LoVett snub a reminder of Groce’s point guard problem


Folake Osibodu | Photo editor

Illinois’ head coach John Groce claps after a Michigan turnover during the game at United Center in Chicago, Illinois during the Big Ten Tournament on Thursday, March 12, 2015. 

By Alex Roux

Late Wednesday evening, Illinois men’s basketball fans were issued an uncomfortable reminder.

Like a mountain of dirty dishes that eventually becomes too big to ignore, Illini fans were forced to stare down the bare spot in their future point guard cupboard when 2015 target Marcus LoVett, Jr. tweeted that he had signed with St. John’s. As it stands now, the Illini have not yet recruited a point guard to run the show past Jaylon Tate’s graduation in 2017.

LoVett’s murky recruitment remained a mystery until the very end, though the uncertainty was rooted more in the timing than the destination. The writing on the wall indicated that the outcome wasn’t too much of a surprise. Illinois head coach John Groce had been dangling his last available scholarship for next season in front of other targets, including transfer point guards Dylan Ennis and Johnny Hill. LoVett had previously tweeted that St. John’s ranked higher on his preference list than Illinois and didn’t seem to show much interest other than displaying photo-shopped images of himself in Illini jerseys on social media.

It’s not clear why LoVett, who was seemingly gift-wrapped in orange and blue wrapping paper, didn’t pull the trigger on the Illini. After transferring to Chicago’s Morgan Park High School from California for his senior season, the 6-foot point guard electrified the Chicago Public League with dazzling displays of ball-handling wizardry and a sweet left-handed stroke. It seemed like LoVett would be a perfect fit at Illinois, with John Groce needing a long-term solution at point guard and the fan base needing a shot in the arm.

But although Groce couldn’t lock LoVett down, it would be hard-pressed to lay the majority of the blame on his shoulders in this particular case. There were other factors complicating the recruitment, most notably the uncertainty of whether or not LoVett could even qualify academically to play college basketball (he bounced between multiple high schools in his four year tenure).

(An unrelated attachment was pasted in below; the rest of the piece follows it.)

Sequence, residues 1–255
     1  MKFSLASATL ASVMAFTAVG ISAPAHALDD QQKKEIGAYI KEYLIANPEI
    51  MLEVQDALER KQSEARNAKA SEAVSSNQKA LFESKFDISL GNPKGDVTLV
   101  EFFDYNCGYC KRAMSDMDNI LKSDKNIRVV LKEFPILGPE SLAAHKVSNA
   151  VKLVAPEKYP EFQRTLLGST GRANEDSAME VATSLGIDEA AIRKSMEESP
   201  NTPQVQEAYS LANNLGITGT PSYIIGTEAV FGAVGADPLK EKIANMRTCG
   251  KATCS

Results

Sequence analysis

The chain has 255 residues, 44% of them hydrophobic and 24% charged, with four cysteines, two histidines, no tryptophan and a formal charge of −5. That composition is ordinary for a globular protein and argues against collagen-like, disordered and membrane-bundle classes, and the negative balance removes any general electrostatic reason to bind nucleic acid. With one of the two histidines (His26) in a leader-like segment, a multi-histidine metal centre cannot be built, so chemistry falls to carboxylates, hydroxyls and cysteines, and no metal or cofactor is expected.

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Maybe the lights just weren’t bright enough in Champaign for LoVett, who lived up to his “Bright Lights” moniker this past season and will be playing in the world’s most famous arena when he suits up for St. John’s.

The problem for the Illini isn’t that they didn’t land LoVett. The problem is that they’re in a position where they almost couldn’t afford not to. Groce is entering his fourth season at Illinois, and to this day, his only true point guard signee is Tate, who averaged 3.6 points and 2.9 assists last season and is already halfway through his college career. Tracy Abrams and Ahmad Starks have manned the “1” position during Groce’s tenure, but they fit the shooting guard mold more-so than at point.

To be fair, Groce has had some pretty poor luck in his search for floor generals. Demetrius Jackson was his first high-profile point guard target, but couldn’t be swayed from committing to his hometown school Notre Dame, which has worked out well for Jackson so far. Groce landed a verbal commitment from four-star point guard Quentin Snider the following year, only to lose him on signing day to Rick Pitino and Snider’s hometown team, Louisville.

So Groce has been bitten by the homesickness bug more than once, and it seems as though he was bitten by the injury bug too. During the heat of his pursuit of McDonald’s All-American point guard Jawun Evans last fall, Abrams tore his ACL, meaning he would still be on the roster during Evans’ freshman year. And even though Evans would tell you that he’s not afraid of competition, the tone of his recruitment seemed to change the moment he learned that Abrams would be back. Evans eventually committed to Oklahoma State.

Hindsight is always 20-20, and it can be argued that Groce should have been focusing the majority of his efforts on “second-tier” point guard targets, rather than McDonald’s All-Americans like Snider, Evans and Jalen Brunson. But Groce talks about how he likes to “swing for the fences,” and so far, he hasn’t come close to hitting a home run at the point.

It’s perplexing, really, that Groce isn’t hauling in point guards by the bundle, much less attracting at least one per class. His offense is very point-guard centric, and it’s no secret that he promises immediate playing time to point guard recruits. He’s assembled a roster of talented wings and scoring big men for potential point guards to dish to, but couldn’t get one to join this year’s top-20 ranked class which includes shooters like Aaron Jordan and Jalen Coleman-Lands.

The Illini will begin Groce’s fourth year with a mix of Tate, Abrams and maybe Coleman-Lands sharing the ball-handling duties, with an uncertain future beyond that. Maybe Groce will land a point guard in the 2016 class, or maybe he’ll continue to plug roster holes with transfers like he’s done before.

Either way, it’s an issue that will be discussed ad nauseam until Groce silences the critics, and an issue that not many people saw coming when he was hired three years ago.

Alex is a junior in AHS.

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Tweet: Marcus LoVett, Jr. snub highlights Groce’s point guard problem, writes @aroux94.